For now, Lobaton remains on the Rays 40-man roster despite the re-signing of Jose Molina and acquisition of Ryan Hanigan. It is possible that Lobaton will be dealt before spring training even starts, but if the Rays do not get a decent offer for him he could remain with the team to start spring training. Carrying a third catcher is not unprecedented in the big leagues, although it is more plausible in the National than the American League as NL teams have an extra bench spot because they do not have a DH. Having three catchers on the roster allows a manager to be more flexible, as he can pinch hit one catcher for another while still having one more in reserve in case of injury. That is especially the case because Lobaton was actually an above average hitter in 2013, posting a 103 wRC+, so he could be a pinch-hitting option, especially against right-handers, whom he posted a .736 OPS against. Lobaton is still a below-average defender, though, which hurts his case to become the Rays’ third catcher. The Rays do already have a very flexible roster, with both Ben Zobrist and Sean Rodriguez having the ability to play every infield position, and that could make them more confident about carrying an extra catcher rather than an extra infielder. Ultimately I doubt the Rays would carry three catchers on their roster, but given their usual creativeness when constructing a roster, it isn’t something to entirely count out.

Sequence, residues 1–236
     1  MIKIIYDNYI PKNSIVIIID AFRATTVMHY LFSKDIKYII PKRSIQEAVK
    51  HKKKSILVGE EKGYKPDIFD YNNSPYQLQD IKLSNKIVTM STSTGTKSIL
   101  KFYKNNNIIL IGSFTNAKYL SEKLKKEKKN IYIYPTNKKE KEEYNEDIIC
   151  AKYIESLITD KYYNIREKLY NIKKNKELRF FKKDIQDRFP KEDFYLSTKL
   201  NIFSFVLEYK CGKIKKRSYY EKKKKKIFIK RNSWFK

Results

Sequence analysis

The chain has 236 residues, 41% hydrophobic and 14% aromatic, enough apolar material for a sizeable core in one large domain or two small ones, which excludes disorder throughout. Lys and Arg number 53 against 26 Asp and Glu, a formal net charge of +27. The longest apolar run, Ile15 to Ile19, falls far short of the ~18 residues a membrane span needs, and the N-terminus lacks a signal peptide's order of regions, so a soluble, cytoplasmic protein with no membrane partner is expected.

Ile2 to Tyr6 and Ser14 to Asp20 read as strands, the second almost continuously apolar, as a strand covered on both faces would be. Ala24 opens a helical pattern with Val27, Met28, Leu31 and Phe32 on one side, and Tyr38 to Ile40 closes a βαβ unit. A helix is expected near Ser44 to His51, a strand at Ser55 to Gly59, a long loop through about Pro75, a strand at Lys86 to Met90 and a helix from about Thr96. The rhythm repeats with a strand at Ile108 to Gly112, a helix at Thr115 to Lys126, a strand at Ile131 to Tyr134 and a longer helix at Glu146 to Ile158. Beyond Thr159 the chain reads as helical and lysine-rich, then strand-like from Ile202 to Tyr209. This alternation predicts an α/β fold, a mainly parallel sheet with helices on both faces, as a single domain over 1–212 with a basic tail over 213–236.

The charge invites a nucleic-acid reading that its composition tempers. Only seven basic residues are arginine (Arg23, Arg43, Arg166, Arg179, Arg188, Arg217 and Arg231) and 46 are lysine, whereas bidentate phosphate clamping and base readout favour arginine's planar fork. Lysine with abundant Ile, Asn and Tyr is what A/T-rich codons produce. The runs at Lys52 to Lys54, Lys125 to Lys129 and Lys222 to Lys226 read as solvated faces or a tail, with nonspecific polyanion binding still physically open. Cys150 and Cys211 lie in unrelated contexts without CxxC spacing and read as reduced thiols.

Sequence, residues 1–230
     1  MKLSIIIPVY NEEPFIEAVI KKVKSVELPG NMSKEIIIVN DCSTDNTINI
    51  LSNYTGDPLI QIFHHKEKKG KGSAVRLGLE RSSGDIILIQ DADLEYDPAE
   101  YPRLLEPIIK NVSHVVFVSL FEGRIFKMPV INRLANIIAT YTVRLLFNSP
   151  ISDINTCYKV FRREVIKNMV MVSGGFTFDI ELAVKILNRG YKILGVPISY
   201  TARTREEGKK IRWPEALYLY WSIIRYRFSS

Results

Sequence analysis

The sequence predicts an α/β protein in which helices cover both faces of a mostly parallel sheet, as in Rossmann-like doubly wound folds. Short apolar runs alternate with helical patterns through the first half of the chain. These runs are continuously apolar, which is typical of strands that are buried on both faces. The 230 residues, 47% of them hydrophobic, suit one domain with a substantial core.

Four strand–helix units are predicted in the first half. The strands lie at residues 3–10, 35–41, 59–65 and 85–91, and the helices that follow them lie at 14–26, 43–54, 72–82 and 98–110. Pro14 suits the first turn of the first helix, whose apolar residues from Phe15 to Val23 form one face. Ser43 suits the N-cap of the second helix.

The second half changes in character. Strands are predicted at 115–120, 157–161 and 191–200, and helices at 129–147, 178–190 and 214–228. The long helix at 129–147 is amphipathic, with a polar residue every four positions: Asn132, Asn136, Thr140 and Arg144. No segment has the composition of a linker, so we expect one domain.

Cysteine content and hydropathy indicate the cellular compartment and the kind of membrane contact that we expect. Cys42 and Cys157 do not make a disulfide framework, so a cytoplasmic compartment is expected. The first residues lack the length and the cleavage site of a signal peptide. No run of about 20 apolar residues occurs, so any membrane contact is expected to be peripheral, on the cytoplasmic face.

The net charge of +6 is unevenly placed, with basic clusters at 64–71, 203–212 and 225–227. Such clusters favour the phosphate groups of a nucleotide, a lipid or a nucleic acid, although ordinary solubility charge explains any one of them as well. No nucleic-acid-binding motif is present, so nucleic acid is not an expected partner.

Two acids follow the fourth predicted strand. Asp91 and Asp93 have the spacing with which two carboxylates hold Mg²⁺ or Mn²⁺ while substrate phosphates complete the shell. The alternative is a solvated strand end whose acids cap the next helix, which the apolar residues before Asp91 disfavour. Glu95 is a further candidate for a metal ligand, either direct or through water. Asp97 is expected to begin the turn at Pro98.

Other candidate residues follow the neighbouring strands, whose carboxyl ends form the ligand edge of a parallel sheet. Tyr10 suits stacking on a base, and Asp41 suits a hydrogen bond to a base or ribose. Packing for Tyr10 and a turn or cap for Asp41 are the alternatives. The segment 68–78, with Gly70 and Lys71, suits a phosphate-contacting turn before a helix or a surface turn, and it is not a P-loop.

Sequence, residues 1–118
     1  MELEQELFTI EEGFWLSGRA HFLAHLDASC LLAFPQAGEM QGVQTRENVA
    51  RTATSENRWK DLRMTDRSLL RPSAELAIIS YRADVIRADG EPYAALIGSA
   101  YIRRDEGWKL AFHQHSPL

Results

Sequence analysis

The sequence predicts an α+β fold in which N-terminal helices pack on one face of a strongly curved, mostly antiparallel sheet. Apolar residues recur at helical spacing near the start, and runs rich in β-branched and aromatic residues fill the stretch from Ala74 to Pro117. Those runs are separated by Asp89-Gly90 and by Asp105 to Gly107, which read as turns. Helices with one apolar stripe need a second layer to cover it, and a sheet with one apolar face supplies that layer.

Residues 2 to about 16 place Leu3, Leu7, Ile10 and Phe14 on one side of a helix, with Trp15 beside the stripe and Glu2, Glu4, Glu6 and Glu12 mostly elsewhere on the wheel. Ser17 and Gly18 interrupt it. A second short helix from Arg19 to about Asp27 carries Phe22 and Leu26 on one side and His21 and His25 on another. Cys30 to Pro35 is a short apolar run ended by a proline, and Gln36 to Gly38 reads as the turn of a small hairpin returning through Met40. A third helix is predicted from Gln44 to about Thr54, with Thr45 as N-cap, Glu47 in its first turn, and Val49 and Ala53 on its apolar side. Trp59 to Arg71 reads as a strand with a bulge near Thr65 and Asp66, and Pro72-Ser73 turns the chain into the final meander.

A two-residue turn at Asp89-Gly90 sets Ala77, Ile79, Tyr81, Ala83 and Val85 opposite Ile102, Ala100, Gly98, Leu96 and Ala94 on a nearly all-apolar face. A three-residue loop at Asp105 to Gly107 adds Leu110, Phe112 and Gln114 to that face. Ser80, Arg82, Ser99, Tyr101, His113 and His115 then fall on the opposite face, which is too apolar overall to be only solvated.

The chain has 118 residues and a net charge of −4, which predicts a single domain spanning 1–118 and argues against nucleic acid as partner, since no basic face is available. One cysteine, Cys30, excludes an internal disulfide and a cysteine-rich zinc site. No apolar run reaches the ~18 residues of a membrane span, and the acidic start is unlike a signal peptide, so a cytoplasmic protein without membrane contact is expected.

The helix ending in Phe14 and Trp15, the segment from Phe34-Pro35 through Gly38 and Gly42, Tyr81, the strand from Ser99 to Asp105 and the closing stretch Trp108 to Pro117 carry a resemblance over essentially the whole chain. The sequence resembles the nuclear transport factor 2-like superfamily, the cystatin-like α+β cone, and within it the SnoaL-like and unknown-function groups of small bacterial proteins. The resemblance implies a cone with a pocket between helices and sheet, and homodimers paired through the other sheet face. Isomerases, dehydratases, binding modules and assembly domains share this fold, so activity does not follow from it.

Belnome was acquired by the Rays in a minor trade prior to 2013 and impressed in his first season in the Rays organization. Belnome hit to an outstanding .300/.408/.446 line (143 wRC+) in 533 plate appearances with the Durham Bulls, slaming 35 doubles and 8 homers while driving in 67. He fits the Rays profile perfectly, as he has the versatility to play third base, second base, and first base. Fom there, however, Belnome’s flaws quickly become apparent. What stands out from his 2013 numbers is that he has very little home run power, mostly standing out for a gap-to-gap approach and strong plate discipline. That does not seem so bad because of his positional flexibility, but he is not a good defender at any of the positions he plays, with first base being his best fit. Belnome lacks the power to play third base, first base, or DH on any sort of regular basis, and his plate discipline will not help as much as hitters realize they can challenge him and beat him in the zone. Belnome has been a consistent hitter, evidenced by the fact he has never posted below a 106 wRC+ in his minor league career. However, his lack of power and poor defense has kept him from the big leagues thus far in his career. The nail in the coffin for his case for a roster spot in begin 2014 is that he is left-handed, making it impossible for him to platoon with Matt Joyce or David DeJesus. Nevertheless, the Rays saw enough in Belnome to add him to their 40-man roster, and even if he is a longshot to make the team out of spring training, we should see him at some point next season.